Restaurant Review: Gyu-Kaku
A meal at this Japanese steakhouse in Clarendon is a theatrical experience.
The sweet aroma of sizzling beef dances in the air, coupled with the vague smell of burning sugar. OneRepublic’s “Stop and Stare” is playing, but it’s momentarily drowned out as the hostess who is escorting me to my table bellows in Japanese, “THE GUEST IS BEING SEATED!” The cooks and servers respond, enthusiastically and loudly, “WELCOME!” (O-kyaku-sama-no Go-anai-desu and Ira-shai-ma-se is what my server writes down when I ask him how to pronounce the words.)
Gyu-Kaku is part of a Japanese chain of 745 outlets worldwide, including more than 50 in the U.S., the first of which debuted in Los Angeles in 2001. Its Clarendon location, which opened in July, is the first in the DMV. Co-owners Kijun Sung and David Chung—nightlife entrepreneurs known for D.C. clubs such as Saint Yves and the now shuttered Chinese Disco and Capitale, among others—say they plan to open more in the area. Pierre Lee is a third co-owner.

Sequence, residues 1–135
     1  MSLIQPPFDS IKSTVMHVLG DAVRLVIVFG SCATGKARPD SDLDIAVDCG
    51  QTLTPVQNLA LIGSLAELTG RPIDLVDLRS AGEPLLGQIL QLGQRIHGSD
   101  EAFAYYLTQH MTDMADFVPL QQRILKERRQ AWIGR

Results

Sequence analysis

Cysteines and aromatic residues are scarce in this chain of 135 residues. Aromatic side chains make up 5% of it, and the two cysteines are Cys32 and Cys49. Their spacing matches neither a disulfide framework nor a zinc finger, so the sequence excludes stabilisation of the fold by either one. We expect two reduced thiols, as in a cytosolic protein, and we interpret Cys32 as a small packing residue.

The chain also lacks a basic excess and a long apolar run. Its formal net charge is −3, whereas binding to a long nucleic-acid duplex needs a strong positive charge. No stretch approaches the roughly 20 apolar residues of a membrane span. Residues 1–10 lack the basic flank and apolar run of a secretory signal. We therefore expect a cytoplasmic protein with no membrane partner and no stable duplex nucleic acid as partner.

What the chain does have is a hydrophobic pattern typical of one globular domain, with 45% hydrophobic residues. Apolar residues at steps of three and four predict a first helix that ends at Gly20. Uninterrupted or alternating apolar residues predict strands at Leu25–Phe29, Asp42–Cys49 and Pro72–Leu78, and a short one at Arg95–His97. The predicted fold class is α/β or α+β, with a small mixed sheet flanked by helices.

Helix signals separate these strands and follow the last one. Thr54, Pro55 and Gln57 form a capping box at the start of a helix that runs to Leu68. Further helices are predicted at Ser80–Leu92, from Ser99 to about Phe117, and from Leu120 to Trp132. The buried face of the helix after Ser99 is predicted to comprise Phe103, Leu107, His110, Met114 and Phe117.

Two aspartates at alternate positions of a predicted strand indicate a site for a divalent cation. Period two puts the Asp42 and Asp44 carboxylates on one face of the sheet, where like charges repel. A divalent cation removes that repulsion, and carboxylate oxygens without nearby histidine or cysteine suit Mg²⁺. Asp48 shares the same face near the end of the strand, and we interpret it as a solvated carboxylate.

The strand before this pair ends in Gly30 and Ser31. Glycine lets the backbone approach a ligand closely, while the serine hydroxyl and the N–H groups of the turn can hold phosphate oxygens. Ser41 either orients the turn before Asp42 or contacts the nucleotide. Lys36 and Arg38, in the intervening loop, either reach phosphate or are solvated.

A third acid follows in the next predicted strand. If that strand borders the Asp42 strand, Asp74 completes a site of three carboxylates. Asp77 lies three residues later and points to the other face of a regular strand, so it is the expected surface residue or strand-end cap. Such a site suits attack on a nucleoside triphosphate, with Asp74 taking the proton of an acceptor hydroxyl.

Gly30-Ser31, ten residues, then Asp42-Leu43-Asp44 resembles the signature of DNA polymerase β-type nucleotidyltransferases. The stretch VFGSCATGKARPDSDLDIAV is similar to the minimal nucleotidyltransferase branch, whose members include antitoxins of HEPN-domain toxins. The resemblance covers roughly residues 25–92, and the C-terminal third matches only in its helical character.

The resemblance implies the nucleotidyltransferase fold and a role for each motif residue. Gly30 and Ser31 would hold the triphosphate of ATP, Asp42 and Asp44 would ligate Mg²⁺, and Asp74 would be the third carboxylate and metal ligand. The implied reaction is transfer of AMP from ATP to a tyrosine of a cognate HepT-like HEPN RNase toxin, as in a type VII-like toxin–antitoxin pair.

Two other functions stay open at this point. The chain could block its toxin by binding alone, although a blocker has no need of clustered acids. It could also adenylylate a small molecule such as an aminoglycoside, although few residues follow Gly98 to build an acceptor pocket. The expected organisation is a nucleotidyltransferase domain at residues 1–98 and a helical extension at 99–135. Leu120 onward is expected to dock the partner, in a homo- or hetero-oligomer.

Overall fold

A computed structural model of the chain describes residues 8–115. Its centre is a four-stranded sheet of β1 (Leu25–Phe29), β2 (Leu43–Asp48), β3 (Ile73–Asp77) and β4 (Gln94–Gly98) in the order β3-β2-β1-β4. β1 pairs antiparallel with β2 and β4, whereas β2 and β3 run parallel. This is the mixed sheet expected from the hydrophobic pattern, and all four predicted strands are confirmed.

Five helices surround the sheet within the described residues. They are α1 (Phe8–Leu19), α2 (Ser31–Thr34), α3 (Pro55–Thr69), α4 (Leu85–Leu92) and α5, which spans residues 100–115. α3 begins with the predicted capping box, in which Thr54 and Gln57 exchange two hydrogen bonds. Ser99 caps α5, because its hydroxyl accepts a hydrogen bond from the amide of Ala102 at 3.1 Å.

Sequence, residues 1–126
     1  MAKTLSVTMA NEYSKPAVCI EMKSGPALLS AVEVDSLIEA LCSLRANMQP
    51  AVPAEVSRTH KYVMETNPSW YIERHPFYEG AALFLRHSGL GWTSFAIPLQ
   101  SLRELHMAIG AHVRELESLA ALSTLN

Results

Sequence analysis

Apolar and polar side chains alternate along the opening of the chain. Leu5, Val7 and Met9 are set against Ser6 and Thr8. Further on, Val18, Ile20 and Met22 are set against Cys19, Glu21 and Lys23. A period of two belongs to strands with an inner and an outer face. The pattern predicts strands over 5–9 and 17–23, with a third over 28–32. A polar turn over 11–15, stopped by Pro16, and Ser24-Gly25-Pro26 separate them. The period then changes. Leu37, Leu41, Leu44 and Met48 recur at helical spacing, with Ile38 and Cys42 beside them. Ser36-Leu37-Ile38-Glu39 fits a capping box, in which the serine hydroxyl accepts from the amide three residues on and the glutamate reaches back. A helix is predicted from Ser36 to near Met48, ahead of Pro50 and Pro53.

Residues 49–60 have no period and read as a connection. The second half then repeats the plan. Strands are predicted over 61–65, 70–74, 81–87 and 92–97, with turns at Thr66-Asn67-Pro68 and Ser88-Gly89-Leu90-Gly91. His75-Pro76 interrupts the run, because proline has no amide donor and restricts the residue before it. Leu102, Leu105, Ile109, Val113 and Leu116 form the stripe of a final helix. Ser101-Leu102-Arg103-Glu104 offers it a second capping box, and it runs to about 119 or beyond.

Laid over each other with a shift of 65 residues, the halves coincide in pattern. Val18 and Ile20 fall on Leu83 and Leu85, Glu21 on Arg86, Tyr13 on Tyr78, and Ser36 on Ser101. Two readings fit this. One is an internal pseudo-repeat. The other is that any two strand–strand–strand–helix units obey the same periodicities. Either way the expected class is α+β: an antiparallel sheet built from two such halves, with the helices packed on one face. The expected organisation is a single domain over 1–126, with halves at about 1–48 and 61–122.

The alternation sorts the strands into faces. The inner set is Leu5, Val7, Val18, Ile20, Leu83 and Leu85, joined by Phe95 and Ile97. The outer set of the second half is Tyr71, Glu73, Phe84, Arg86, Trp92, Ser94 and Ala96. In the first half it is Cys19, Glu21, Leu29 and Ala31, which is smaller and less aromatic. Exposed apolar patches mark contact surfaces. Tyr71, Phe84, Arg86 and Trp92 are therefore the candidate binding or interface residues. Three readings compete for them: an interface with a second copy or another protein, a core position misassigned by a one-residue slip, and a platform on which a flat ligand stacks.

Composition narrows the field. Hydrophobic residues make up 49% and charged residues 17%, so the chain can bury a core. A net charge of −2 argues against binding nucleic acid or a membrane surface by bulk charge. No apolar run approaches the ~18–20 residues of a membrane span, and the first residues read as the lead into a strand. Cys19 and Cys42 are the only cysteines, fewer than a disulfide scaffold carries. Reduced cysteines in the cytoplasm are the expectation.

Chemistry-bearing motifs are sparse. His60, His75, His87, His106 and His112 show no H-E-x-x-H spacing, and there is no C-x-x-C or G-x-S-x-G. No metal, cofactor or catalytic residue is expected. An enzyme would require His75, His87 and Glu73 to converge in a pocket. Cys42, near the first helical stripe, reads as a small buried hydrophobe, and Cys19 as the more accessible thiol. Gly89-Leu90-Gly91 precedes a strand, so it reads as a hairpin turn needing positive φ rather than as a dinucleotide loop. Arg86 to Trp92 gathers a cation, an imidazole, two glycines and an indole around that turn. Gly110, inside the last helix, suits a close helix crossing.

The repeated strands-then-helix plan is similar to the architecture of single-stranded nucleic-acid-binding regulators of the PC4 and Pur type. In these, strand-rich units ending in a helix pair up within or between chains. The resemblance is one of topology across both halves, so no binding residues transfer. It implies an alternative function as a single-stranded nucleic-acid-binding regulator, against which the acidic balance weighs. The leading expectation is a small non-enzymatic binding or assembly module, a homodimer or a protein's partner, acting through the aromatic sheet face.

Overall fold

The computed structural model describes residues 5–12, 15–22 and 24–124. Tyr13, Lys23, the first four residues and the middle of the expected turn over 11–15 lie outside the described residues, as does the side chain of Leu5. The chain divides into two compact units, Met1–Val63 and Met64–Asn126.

In the dining room, a stylized mural of a cow, its sundry cuts labeled in hand-lettering, signals that the star attraction here is beef—specifically, marinated beef that is cooked on wire-grated grills set into each table. Unlike the overhead vent hoods you find at Korean barbecue restaurants, the grills have a downdraft system that sucks the smoke downward and channels it outside. (Meaning you may get away with simply airing out your clothes afterward, instead of sending them to the dry cleaner.)
Another notable difference between Korean barbecue and the Japanese version (yakiniku, which translates as “grilled meat”) is portion size. The protein portions here are tastings of only about 3½ ounces, so the menu suggests two or three selections per person. Keep that in mind if you are also having appetizers, soup, salad, noodles and dessert. The better option is to order one of the fixed-price dinners for two, four or six people. Each includes an excellent sampling of all those things.